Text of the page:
Manuscripts/Mixed Material [Amateur Night]
The white man begins to sing, “Someone had to plough the cotton, Someone had to plant the corn, Someone had to work while the white folks played, That's why darkies were born.” The Negroes hiss and boo. Instantly the audience is partisan. The whites applaud vigorously. But the greater volume of hisses and boos drown out the applause. The singer halts. The emcee steps to the house mike and raises his hand for quiet. He does not know what to say, and says ineffectually that the song was written to be sung and urges that the singer be allowed to continue. The man begins again, and on the instant is booed down. The emcee does not know what to do. They are on a sectional hook-up-the announcer have welcomed Boston and Philadelphia to the program during the station break. The studio officials, the listening audience, largely white, has heard a Negro audience booing a white man. It is obvious that in his confusion the emcee has forgotten what the song connotes. The Negroes are not booing the white man as such. They are booing him for his categorization of them. The song is not new. A few seasons ago they listened to it in silent resentment. Now they have learned to vocalize their bitterness. They cannot bear that a white man, as poor as themselves, should so separate himself from their common fate and sing paternally for a price of their predestined lot to serve.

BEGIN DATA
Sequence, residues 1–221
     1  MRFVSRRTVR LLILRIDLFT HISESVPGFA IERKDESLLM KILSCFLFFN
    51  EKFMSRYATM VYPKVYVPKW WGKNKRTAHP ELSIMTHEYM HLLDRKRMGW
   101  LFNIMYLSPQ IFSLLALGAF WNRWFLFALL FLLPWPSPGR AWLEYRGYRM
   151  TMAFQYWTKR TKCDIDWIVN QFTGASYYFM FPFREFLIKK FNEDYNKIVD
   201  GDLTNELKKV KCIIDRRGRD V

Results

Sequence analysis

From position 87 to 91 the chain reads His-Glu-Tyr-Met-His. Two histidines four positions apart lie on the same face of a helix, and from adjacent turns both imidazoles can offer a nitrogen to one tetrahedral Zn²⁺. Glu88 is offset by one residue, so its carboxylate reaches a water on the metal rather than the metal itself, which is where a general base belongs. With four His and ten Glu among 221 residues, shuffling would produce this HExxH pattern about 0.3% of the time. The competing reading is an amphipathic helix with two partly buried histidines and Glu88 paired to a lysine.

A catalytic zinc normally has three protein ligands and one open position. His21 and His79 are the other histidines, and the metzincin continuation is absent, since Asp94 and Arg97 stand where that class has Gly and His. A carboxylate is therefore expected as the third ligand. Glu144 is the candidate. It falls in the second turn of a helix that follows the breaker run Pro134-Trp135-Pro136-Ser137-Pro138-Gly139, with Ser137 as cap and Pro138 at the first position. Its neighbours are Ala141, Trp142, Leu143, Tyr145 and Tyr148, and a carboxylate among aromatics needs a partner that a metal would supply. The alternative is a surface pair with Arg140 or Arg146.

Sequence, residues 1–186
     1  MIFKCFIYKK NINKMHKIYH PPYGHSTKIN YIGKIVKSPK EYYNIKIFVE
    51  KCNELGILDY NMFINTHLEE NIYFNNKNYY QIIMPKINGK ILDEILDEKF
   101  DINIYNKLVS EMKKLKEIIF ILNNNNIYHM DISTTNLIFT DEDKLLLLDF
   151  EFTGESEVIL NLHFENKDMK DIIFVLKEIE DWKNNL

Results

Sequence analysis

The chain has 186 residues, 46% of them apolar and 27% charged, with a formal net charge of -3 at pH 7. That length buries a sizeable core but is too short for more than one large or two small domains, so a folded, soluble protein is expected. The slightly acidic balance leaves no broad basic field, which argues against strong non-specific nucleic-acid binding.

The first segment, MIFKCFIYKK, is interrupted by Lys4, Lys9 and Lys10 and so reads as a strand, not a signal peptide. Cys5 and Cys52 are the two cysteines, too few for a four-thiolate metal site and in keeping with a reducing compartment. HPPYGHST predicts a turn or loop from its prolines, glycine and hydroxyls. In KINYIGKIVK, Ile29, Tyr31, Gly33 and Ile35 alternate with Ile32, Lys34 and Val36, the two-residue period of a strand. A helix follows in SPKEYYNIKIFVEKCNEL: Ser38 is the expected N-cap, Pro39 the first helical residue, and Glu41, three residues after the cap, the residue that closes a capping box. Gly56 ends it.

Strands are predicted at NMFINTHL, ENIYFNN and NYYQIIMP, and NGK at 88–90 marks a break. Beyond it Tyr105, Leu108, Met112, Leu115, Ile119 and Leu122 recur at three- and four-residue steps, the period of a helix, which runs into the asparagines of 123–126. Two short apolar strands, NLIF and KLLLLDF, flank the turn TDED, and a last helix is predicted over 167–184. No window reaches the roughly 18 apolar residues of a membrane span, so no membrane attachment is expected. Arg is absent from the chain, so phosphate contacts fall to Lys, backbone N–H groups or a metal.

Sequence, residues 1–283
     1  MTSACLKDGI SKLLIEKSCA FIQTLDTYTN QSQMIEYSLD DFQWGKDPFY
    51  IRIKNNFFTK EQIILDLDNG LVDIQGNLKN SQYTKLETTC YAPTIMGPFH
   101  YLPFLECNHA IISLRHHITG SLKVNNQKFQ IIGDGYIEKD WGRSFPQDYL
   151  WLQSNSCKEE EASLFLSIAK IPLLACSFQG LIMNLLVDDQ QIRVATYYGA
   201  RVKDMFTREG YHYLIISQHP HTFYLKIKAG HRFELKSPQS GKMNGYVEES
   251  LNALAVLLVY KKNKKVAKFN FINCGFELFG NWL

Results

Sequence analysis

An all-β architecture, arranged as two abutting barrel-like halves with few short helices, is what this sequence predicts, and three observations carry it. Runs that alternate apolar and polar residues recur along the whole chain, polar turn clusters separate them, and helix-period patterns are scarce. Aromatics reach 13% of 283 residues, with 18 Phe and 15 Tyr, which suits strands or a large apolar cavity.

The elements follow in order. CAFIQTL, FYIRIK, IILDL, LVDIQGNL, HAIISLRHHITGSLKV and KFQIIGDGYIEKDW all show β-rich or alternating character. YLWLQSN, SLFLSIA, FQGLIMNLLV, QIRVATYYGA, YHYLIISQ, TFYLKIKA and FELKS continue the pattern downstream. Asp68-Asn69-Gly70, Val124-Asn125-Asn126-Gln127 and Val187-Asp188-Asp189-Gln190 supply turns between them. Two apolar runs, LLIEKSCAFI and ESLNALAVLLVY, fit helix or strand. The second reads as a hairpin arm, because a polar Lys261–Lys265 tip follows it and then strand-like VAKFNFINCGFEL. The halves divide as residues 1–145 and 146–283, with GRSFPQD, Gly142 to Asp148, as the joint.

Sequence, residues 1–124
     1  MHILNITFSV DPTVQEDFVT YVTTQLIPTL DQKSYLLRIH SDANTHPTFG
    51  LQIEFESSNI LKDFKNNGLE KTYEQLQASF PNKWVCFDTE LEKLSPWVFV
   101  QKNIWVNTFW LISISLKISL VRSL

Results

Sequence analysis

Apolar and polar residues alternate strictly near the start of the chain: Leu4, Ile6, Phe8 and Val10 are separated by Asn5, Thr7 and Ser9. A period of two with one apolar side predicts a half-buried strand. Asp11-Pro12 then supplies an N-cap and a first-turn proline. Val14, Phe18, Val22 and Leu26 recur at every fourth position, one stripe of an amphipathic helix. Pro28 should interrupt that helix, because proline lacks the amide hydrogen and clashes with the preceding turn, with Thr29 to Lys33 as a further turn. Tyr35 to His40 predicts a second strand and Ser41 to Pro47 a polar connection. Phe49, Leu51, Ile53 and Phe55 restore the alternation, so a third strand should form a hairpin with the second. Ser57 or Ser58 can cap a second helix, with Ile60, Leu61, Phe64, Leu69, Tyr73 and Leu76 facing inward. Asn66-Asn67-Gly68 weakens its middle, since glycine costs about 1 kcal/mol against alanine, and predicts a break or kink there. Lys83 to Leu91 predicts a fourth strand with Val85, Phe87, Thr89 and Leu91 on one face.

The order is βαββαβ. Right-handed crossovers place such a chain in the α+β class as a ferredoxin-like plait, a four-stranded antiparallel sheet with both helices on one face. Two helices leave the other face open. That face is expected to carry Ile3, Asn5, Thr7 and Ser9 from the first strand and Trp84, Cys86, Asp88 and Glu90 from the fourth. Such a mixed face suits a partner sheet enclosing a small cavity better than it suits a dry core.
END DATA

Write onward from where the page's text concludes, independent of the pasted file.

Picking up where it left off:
For the third time the man begins, and now all the fun that has gone before is forgotten. There is resentment in every heart. The white man will not save the situation by leaving the stage, and the emcee steps again to the house mike with an impassioned plea. The Negroes know this emcee. He is as white as any white man. Now it is ironic that he should be so fair, for the difference between him and the amateur is too undefined. The emcee spreads out his arms and begins, “My people ——.”